Brazilian producers Felipe Pomar (of TrapFunk & Alivio) and Telefunksoul come through with a dizzyingly energetic EP in the form of Ré_Con Ba$. Telefunksoul, who happens to be one of the main promoters of Bahia Bass music, came up with the concept of exploring the rhythms coming out of Recôncavo of Bahia and showing how they can fit into bass music. Through the 7-track Ré_Con Ba$ EP, him and Pomar mold and transform the diverse music of Bahia, fusing its rhythms with afrobeat, future house, deep house and much more.

Find out more.

Ziminino 'I'm Cool Like That'

Ziminino is a new project from INTL BLK that features collaborations between Chief Boima and a host of Afro-Brazilian artists coming out of Bahia. The project has already shared its first song and now comes through with the follow-up single, "I'm Cool Like That"—a head-nodding track spearheaded by singer-songwriter Ricô Santana, produced by Rafa Dias and Boima. The hypnotizing song is a mixture of trap, bossa nova, and pagodão, an urban style of popular music from Bahia which could be seen as Salvador's equivalent to Baile Funk.

Find out more

Tekno 'Choko'

Tekno drops the new music video for "Choko," his addictive Krizbeatz-produced single. The syncopated beat work is king here and will keep you coming back for more as Tekno delivers his usual odes to a love interest.

Find out more

Follow OkayAfrica on Spotify and Apple Music to get immediate updates every week.


Culture
Photo (c) John Liebenberg

'Stolen Moments' Uncovers the Namibian Music That Apartheid Tried to Erase

The photo exhibition, showing at the Brunei Gallery in London, highlights artists from Namibia's underground scene between 1950-1980, a time of immense musical suppression prior to its independence.

Before its independence in 1990, a whole generation of Namibians were made to believe that their county had no real musical legacy. Popular productions by Namibian artists from previous eras were systematically concealed from the masses for nearly 30 years, under the apartheid regime—which extended to the country from South Africa following German colonization—depriving many Namibians of the opportunity to connect with their own musical heritage.

"Stolen Moments: Namibian Music Untold," a new exhibit currently showing at London's Brunei Museum at SOAS University of London, seeks to revive the musical Namibian musical traditions that the apartheid regime attempted to erase.

"Imagine you had never known about the musical riches of your country," said the exhibit's curator Aino Moongo in a statement of purpose on SOAS' site. "Your ears had been used to nothing but the dull sounds of country's former occupants and the blaring church and propaganda songs that were sold to you as your country's musical legacy. Until all at once, a magnitude of unknown sounds, melodies and songs appear. This sound, that roots your culture to the musical influences of jazz, blues and pop from around the world, is unique, yet familiar. It revives memories of bygone days, recites the history of your homeland and enables you for the first time to experience the emotions, joys and pains of your ancestors."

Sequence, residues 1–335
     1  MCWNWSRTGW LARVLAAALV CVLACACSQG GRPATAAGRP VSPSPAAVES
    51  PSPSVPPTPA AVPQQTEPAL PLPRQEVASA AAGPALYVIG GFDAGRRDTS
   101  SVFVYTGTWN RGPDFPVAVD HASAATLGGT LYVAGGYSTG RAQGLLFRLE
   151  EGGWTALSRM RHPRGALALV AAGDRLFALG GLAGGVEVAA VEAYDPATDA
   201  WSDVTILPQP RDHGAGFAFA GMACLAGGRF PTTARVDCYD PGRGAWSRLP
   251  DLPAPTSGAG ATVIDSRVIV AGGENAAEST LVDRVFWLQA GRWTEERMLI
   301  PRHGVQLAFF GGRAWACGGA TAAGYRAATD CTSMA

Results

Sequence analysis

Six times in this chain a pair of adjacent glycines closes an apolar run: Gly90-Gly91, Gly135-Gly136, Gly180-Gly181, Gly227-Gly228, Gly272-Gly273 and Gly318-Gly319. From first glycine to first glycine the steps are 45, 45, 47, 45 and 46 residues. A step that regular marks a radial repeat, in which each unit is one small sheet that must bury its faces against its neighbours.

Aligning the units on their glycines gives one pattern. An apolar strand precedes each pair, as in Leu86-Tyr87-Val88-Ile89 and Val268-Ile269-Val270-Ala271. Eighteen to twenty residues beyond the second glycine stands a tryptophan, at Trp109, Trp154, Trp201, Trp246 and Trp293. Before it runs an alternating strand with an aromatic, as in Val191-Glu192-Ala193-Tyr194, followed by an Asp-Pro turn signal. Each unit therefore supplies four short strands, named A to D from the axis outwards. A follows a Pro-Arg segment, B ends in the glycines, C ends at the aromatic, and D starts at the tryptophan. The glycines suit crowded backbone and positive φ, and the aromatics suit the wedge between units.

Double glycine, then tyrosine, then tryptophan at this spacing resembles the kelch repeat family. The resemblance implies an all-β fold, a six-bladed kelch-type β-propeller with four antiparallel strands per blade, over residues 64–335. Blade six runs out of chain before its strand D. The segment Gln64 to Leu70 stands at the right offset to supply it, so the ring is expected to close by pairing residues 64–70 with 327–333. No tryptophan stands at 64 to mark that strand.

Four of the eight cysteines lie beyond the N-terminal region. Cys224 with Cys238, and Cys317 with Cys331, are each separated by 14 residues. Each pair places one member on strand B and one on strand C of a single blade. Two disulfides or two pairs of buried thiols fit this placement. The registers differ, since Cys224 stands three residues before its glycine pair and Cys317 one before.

Photo (c) Dieter Hinrichs

The 'Stolen Moments" project began in 2010 in an effort to champion Namibia's unsung musical innovators. For the collection, Moongo and Assistant Curator, Siegrun Salmanian—along with a group of international scholars, artists, photographers and filmmakers—curated a large-scale photo exhibit that also features a 120-minute video projection, focusing on the dance styles of the era, along with listening stations, a sound installation that features "100-hours of interviews with musicians and contemporary witnesses," and displays of record covers and memorabilia from the period between 1950-1980.

The musicians highlighted, produced work that spanned a number of genres—a marker of the country's vast and eclectic underground scene. Artists like the saxophonist Leyden Naftali who led a band inspired by the sounds of ragtime, and the psychedelic rock and funk of the Ugly Creatures are explored through the exhibition, which also centers bands and artists such as The Dead Wood, The Rocking Kwela Boys, Children of Pluto and more.

"There are many reasons why you've never heard this music before," Moongo continues. "It was censored, suppressed, prohibited and made almost impossible to listen to. Its creators are either long gone or have given up on music making, by reasons of adversity, death and despair. And yet this beautiful music exists with a liveliness, as if it had never stopped playing. It is still in the minds of the few who can remember, with the ones who played it, and on those rare recordings that have survived in archives and record collections scattered around the globe. Allow me to share these stolen moments with you."

Photo (c) Dieter Hinrichs


Photo (c) John Liebenberg

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"Stolen Moments" is now showing at the Brunei Gallery in London and runs through Sept 21.

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Foul Language and Depictions of Rape Spur a Book Recall Campaign in Kenya

Kenya's Top Book seller pulls a South African book for youth due to foul language.